UCI Track Champions League: the latest innovation in track cycling’s long history

Part of the Olympic Games since 1896 and with World Championships organised by the UCI since 1900, track cycling is steeped in a history that few sports can rival.

Over the years the bikes have evolved, racing formats have changed, new specialities have been introduced… but the magic of racing on the oval banked track has remained a constant.

The beauty of track cycling is its tradition combined with its ability to move with the times. Now, we are just days away from the latest innovation: the UCI Track Champions League, a new dynamic and spectacular series of racing, with five rounds being held between 6 November and 11 December.

As explained by the Union Cycliste Internationale’s (UCI’s) Head of Track, Gilles Peruzzi, the new League is part of a carefully thought-out overhaul of track cycling to ensure the discipline is coherent, accessible and attractive for riders, nations, teams and fans.

History transitioning to the future

“The UCI is hugely proud of track cycling’s rich history, which goes back more than 125 years. But we also want to ensure that the discipline continues to flourish over the next 125 years,” says Peruzzi. “That is why, since 2016, we have carried out in-depth studies with our stakeholders to find out how we can build on its potential and increase its popularity even further, particularly in the years between the Olympic Games.”

The result has been to replace the UCI Track Cycling World Cup with a shorter – three rounds only – UCI Track Nations Cup. Tailor-made for national teams and with fewer rounds, this new format introduced in 2021 aims to ensure more nations compete at all events of the series. Held from April to June (as opposed to between October and January for the UCI World Cup), the UCI Track Nations Cup enables National Federations to earn valuable points that count towards qualification for the Tissot UCI Track World Championships (and the Olympic Games).

Those UCI World Championships, held for the first time this year at their new October date (as opposed to early in the calendar year previously), finished on 24 October in Roubaix (France). Not only were athletes vying for the prestigious rainbow jersey, they were also aiming to qualify for the brand new UCI Track Champions League.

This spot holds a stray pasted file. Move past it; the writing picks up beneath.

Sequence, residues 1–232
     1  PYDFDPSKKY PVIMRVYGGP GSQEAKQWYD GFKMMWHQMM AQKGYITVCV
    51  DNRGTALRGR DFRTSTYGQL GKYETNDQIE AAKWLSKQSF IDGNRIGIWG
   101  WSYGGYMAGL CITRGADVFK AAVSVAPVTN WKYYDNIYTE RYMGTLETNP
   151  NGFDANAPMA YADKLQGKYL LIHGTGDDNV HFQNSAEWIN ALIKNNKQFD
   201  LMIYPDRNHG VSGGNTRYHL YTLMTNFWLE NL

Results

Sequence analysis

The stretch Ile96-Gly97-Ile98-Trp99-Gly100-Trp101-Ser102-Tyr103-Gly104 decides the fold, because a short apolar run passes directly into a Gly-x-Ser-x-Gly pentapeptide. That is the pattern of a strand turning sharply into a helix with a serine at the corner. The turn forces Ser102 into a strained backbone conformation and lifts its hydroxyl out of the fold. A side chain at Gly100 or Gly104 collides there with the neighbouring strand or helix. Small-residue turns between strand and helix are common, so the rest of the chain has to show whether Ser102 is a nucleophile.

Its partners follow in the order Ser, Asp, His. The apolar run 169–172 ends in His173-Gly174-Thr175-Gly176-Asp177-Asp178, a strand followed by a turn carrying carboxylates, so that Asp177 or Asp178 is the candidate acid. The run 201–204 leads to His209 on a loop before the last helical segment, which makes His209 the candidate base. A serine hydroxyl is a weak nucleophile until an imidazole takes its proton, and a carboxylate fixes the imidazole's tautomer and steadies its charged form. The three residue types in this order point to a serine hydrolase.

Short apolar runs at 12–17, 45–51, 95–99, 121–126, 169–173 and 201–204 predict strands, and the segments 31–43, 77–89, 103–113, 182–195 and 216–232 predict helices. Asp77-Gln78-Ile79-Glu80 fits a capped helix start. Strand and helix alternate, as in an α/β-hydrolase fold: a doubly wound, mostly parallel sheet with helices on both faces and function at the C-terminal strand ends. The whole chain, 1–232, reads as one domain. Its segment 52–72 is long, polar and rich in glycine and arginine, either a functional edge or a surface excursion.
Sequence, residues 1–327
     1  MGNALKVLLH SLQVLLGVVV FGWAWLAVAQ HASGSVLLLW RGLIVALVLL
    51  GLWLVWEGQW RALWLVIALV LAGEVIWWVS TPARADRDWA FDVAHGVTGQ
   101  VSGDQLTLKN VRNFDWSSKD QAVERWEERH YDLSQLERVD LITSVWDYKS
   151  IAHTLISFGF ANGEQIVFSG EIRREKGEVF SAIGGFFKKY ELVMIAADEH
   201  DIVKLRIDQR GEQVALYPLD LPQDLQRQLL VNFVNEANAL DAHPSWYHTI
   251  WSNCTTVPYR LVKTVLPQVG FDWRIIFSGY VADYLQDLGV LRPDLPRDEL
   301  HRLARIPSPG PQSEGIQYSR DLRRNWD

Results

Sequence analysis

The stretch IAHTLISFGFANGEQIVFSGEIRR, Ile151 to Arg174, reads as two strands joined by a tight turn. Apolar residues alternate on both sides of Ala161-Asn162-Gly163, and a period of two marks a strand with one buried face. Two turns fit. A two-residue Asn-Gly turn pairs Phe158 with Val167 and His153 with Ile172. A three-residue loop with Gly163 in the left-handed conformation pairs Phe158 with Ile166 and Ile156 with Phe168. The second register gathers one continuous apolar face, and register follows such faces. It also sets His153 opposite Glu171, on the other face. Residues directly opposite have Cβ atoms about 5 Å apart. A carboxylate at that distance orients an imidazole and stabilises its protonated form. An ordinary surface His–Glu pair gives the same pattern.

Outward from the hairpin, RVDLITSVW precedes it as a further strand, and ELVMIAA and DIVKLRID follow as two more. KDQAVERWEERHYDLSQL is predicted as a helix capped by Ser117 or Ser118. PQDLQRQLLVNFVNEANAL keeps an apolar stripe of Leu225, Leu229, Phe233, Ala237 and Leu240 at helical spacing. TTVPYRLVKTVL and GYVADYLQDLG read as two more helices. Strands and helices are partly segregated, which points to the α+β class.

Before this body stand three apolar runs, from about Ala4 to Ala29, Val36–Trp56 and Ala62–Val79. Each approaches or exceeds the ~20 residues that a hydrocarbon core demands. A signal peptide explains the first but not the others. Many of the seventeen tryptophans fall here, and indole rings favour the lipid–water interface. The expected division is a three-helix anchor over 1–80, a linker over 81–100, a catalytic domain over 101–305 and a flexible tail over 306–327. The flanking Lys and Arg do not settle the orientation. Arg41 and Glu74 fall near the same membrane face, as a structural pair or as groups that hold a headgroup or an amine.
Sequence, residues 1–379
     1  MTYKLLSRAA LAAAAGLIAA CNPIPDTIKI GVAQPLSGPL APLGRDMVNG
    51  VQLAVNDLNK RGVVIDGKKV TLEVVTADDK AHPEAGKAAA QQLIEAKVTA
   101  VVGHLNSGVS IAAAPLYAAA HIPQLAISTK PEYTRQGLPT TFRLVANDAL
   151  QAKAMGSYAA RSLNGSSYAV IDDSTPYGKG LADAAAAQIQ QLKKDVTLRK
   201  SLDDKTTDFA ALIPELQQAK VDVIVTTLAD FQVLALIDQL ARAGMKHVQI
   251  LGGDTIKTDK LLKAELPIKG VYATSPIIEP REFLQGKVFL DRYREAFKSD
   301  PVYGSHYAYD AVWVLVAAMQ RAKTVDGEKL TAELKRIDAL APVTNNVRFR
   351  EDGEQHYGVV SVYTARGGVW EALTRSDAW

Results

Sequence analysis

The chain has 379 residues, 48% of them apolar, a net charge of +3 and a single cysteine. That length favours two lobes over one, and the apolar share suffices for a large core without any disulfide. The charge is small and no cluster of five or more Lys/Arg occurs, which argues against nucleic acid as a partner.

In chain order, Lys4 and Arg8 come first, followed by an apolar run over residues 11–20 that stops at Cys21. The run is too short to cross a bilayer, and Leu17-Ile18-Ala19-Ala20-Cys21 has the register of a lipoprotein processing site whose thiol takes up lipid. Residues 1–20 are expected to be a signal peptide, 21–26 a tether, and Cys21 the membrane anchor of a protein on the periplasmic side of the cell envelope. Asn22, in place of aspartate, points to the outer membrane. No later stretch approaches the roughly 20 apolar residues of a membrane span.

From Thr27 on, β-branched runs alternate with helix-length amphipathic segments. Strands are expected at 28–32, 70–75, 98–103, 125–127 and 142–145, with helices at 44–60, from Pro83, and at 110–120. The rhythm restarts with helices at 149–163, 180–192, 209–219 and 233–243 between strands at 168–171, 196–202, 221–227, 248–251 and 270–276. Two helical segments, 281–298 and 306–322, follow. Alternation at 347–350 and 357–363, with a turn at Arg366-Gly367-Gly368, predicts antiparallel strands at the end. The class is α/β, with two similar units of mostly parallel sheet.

“The League will kick off in Mallorca this year and we are very excited to see it come to fruition after much reflection and extensive consultations,” says Peruzzi. “The racing will include a mixture of sprint and endurance events. It will be easy to understand, spectacular to watch and accessible to fans worldwide. With the very best riders in the world, all of whom had to qualify to compete, we are guaranteed excitement, tension and emotion in each host velodrome.”

Each round will take place in one day with the same racing programme to ensure an interesting and coherent narrative across all rounds: individual sprint and keirin for the sprinters, and elimination and Scratch Race for the endurance riders. Eighteen riders can take part in each race, with hard and fast action guaranteed:

  • Sprint: over 3 laps

  • Keirin: 5 laps (2 behind derny)

  • Scratch Race: a relatively short 5km

  • Elimination: the last rider across the finish line every other lap is eliminated.

The same number of men and women will be competing and will receive equal prize money.

Television feast

The UCI has partnered with Discovery Sports Events for this new and exciting UCI Track Champions League. This partnership ensures global coverage via Discovery channels that include Eurosport and Global Cycling Network.

For François Ribeiro, Head of Discovery Sports Events, track cycling has the potential to be one of the most exciting forms of televised sport: “Discovery Sports Events has applied its experience in motorsport, which shares similar DNA of high speed, adrenalin, and unpredictability, but also engages audiences with an accessible, short format, live data driven approach,” he says. “This isn’t about rewriting the rules of track cycling, but simply dialling up the excitement and making it accessible to a wider range of sports fans.”

He explained that European venues have been favoured in the first edition of the series in order to mitigate travel and logistical challenges presented by the Covid-19 pandemic.

“Consequently, we identified a number of world class velodromes including a mix of more established sites such as London and Palma as well as newer venues including Panevezys and Tel Aviv,” he explained.

For fans unable to make it to these top-class venues, the television-viewing possibilities are vast, as François Ribeiro explains:

"The league will be broadcast globally by Eurosport and will also be available to watch live and ad-free on GCN+. In addition, we've secured a number of prestigious international broadcast partnerships. At this stage, we're able to confirm that RTL (Netherlands), RTBF (Belgium), SBS (Australia), Sky New Zealand and RTVC (Colombia) will all broadcast the UCI Track Champions league, and several more will be announced before Nov 6 kick-off."

UCI Track Champions League programme

A round scheduled to take place in St-Quentin-en-Yvelines on 20 November had to be cancelled as the velodrome is being used as a Covid-19 vaccination centre. The remaining rounds are:

6 November: Mallorca (Spain)

27 November: Panevezys, (Lithuania)

3 December: London (Great Britain)

4 December: London (Great Britain)

11 December: Tel Aviv (Israel).